Scuba Dive Boat Captain Faces Sentencing in Deadly Fire Case: Details Explained

Scuba Dive Boat Captain Faces Sentencing in Deadly Fire Case: Details Explained

A scuba dive boat captain is set to be sentenced by a federal judge on a charge of criminal negligence following a fire that claimed the lives of 34 people aboard the vessel nearly five years ago. The blaze, which occurred on September 2, 2019, was the deadliest maritime disaster in recent U.S. history, leading to changes in maritime regulations, congressional reform, and ongoing lawsuits.

Scuba Dive Boat Captain Faces Sentencing in Deadly Fire Case: Details Explained

Captain Jerry Boylan was convicted of one count of misconduct or neglect of a ship officer last year. The charge, known as seaman’s manslaughter, is a pre-Civil War statute aimed at holding steamboat captains and crew accountable for maritime disasters. Boylan’s appeal is ongoing, and he faces a potential sentence of up to 10 years in prison.

In a sentencing memo, Boylan’s defense has requested a five-year probationary sentence, with three years to be served under house arrest. His attorneys emphasized that Boylan did not intend for anyone to die, and he experiences significant grief, remorse, and trauma due to the loss of his passengers and crew.

The incident occurred when the Conception, anchored off Santa Cruz Island, caught fire before dawn on the final day of a three-day excursion, sinking close to shore. Thirty-three passengers and a crew member died, trapped in a bunkroom below deck. Among the victims were individuals such as a deckhand, an environmental scientist, a globe-trotting couple, a Singaporean data scientist, and a family of three sisters, their father, and his wife.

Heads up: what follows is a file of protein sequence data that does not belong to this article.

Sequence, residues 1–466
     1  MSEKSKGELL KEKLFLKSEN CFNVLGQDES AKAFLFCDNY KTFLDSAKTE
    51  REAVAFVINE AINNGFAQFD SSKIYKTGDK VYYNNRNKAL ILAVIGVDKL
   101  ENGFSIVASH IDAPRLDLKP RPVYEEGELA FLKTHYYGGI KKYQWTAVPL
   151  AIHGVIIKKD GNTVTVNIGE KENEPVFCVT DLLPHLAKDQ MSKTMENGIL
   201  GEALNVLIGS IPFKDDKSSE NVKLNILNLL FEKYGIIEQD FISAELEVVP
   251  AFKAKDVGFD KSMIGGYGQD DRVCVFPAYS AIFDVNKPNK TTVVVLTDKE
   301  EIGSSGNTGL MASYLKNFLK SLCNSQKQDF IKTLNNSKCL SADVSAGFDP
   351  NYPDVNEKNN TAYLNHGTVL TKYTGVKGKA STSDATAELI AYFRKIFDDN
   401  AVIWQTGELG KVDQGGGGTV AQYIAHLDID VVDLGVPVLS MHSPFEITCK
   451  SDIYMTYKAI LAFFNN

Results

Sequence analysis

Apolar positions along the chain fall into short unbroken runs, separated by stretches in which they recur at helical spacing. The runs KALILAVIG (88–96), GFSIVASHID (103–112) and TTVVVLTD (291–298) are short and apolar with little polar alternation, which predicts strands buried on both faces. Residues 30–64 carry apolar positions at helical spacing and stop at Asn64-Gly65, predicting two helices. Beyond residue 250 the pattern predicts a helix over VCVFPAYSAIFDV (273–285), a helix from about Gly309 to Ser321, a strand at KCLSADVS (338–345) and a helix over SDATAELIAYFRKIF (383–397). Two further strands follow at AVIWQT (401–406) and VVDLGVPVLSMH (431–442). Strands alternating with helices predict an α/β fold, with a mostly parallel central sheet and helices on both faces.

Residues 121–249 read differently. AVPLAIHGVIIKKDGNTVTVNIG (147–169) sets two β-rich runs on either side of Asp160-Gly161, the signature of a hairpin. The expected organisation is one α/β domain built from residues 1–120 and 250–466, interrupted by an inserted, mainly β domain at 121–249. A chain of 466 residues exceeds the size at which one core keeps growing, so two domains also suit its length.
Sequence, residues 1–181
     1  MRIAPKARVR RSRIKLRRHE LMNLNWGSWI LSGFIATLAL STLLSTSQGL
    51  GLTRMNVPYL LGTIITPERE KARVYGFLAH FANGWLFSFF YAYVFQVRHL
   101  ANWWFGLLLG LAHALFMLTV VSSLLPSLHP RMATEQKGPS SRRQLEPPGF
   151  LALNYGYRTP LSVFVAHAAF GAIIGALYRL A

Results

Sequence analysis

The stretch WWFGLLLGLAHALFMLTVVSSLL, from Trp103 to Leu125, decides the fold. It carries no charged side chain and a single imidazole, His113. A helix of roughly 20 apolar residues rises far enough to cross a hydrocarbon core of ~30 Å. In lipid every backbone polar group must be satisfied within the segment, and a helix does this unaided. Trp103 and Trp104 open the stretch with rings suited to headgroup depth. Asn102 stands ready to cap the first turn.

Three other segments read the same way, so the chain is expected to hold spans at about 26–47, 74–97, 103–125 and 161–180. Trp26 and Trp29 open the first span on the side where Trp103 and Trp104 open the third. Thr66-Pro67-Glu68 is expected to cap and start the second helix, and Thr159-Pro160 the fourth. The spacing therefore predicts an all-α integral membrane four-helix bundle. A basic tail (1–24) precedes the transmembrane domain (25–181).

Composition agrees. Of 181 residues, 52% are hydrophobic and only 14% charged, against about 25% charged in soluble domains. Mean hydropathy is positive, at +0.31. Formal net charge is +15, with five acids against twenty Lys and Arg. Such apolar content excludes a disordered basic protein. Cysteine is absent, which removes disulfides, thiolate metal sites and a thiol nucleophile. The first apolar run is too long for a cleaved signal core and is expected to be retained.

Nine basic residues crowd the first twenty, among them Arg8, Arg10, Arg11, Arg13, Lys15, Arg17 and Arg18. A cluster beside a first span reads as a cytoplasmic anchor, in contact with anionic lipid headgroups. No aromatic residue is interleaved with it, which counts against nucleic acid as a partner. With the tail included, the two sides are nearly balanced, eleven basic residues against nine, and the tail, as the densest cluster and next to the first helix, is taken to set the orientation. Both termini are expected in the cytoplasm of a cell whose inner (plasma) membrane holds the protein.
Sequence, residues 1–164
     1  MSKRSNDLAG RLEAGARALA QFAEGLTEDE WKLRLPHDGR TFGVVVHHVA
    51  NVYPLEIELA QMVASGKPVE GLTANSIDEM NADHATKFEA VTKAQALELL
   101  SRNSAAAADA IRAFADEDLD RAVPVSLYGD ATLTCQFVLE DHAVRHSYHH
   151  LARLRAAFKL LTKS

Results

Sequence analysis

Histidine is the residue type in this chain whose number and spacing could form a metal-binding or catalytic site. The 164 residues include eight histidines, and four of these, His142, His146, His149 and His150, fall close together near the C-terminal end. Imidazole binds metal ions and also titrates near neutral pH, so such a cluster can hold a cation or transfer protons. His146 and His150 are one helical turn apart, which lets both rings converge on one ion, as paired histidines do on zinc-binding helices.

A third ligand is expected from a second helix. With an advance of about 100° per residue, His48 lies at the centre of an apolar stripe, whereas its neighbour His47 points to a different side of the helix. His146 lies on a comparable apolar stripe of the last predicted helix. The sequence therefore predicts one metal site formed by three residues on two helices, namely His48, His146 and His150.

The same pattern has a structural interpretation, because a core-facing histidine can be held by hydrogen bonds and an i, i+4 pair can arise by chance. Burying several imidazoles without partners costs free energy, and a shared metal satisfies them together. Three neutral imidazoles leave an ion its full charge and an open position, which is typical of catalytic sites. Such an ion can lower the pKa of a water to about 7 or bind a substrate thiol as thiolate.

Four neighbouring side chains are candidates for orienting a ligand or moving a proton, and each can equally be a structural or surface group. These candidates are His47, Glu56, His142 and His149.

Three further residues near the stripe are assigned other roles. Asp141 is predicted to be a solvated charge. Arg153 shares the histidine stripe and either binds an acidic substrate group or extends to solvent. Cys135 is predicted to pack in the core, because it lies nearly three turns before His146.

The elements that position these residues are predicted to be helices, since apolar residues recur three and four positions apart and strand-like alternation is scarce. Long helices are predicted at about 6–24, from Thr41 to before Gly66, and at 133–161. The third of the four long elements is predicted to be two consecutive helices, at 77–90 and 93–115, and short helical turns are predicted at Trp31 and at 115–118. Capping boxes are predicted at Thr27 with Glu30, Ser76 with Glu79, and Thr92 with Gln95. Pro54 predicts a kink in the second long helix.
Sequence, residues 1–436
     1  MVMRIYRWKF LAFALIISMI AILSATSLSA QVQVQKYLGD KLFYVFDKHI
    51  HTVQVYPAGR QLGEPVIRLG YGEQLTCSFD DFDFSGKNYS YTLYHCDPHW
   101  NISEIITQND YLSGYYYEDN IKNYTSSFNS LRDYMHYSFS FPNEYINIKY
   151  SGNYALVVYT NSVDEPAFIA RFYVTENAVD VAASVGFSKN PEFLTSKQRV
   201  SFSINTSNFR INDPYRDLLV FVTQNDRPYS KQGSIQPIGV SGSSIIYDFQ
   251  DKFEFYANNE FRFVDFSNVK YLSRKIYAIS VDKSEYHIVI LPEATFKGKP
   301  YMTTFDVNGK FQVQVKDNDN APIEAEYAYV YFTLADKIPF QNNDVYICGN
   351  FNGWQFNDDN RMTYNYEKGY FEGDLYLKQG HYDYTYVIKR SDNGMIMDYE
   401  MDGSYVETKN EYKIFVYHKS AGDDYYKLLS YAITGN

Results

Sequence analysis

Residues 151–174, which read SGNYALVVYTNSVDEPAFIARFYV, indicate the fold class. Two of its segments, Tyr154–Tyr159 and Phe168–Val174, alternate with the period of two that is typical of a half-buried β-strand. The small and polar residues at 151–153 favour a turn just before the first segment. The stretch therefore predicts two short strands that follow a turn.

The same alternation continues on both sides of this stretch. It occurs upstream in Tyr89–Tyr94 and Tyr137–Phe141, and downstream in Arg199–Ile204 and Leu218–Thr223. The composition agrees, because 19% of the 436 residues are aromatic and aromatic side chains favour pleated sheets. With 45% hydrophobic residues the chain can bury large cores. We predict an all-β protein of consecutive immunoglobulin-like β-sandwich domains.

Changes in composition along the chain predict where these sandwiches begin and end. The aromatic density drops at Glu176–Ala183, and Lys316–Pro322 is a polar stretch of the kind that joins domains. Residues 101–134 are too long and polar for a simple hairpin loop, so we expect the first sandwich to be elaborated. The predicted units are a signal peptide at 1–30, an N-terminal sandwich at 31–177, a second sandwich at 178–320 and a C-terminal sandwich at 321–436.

Boylan was the first to abandon ship and jump overboard, along with four crew members who also survived. The sentencing, unless Boylan’s appeal is successful, marks the culmination of a lengthy prosecution that has spanned nearly five years, frustrating the families of the victims.

Initially indicted on 34 counts of seaman’s manslaughter in 2020, Boylan’s charges were later reduced to one count in a superseding indictment. However, in 2022, the superseding indictment was dismissed for failing to specify that Boylan acted with gross negligence, leading prosecutors to seek a new indictment.

While the exact cause of the blaze remains undetermined, the prosecution and defense sought to assign blame during the trial. The government argued that Boylan failed to post the required roving night watch and inadequately trained his crew in firefighting, allowing the fire to spread unchecked. Boylan’s attorneys, however, sought to shift blame to Glen Fritzler, the owner of Truth Aquatics Inc., which operated the Conception, alleging that Fritzler failed to train the crew and created a lax safety culture.

With the conclusion of the criminal case, attention has turned to several ongoing lawsuits, including one filed by Truth Aquatics seeking to limit its liability under maritime law to the value of the remains of the boat. Additionally, victims’ families have filed lawsuits against the Coast Guard, alleging lax enforcement of safety regulations.

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